An estimated 250,000 Dominican people of Haitian descent are affected by the ruling.
The Dominican Republic’s neighbors were quick to decry the decision as well. La Celia Prince, the representative of St. Vincent and the Grenadines who is the spokesperson for the Caribbean community, a 15-nation member organization known as Caricom, condemned the ruling in that it “strips tens of thousands of people of rights which they have enjoyed from birth and gives them no recourse to appeal.” She went further, arguing that, “This issue, a domestic issue, is of interest to us in that it directly impacts the lives of fellow human beings, citizens of our Hemisphere and, more specifically, members of our Diaspora.”
The Dominican Republic’s neighbors are not the ones alarmed at this turn of events. From Spain to Peru, Mexico to Argentina the family of American nations have expressed outrage at this ruling and the implications.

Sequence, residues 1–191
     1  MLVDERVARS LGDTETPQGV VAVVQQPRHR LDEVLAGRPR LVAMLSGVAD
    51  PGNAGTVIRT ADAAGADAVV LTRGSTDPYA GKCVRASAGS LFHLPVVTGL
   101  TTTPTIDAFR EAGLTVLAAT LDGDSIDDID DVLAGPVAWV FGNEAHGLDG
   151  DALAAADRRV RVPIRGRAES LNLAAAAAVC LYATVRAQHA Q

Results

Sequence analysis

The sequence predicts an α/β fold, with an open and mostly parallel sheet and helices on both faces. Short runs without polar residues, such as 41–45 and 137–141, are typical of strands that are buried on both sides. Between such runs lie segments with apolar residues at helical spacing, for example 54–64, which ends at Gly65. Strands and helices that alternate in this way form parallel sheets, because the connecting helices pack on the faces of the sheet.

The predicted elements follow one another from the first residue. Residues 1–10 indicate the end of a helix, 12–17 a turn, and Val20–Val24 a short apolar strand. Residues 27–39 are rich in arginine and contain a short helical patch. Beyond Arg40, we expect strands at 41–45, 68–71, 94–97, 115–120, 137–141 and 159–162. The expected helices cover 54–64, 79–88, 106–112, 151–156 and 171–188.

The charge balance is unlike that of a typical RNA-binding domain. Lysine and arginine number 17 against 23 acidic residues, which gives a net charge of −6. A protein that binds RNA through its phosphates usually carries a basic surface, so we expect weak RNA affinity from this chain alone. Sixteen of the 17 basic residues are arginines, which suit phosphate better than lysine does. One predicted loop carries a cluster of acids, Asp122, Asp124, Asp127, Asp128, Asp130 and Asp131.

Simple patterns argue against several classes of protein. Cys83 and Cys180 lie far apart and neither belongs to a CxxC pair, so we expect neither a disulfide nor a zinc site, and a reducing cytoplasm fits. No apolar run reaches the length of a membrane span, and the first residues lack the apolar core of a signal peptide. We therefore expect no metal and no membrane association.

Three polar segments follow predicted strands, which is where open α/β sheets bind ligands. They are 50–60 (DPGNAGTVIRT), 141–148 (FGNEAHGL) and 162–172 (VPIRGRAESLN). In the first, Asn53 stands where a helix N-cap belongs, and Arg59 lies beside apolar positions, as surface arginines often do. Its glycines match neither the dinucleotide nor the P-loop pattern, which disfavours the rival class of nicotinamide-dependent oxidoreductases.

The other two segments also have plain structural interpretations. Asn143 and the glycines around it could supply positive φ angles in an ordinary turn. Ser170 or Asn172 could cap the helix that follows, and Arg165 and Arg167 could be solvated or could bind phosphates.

“The court’s ruling, needless to say, is an aberration which seems to draw inspiration from Hitler’s laws, by which Jews who had lived in Germany for centuries were deprived of their nationality. More to the point, it contravenes repeated rulings in recent years by the International Court of Human Rights,” Nobel Laureate Mario Vargas Llosa, wrote this week (November 8, 2013) in Spain’s El País newspaper. “The only logical argument the Dominican court could adduce is that Juliana’s parents were ‘illegal immigrants.’ Thus the sin of illegality is made hereditary—presumably, as in archaic Biblical dooms, to the seventh generation. via – New America Media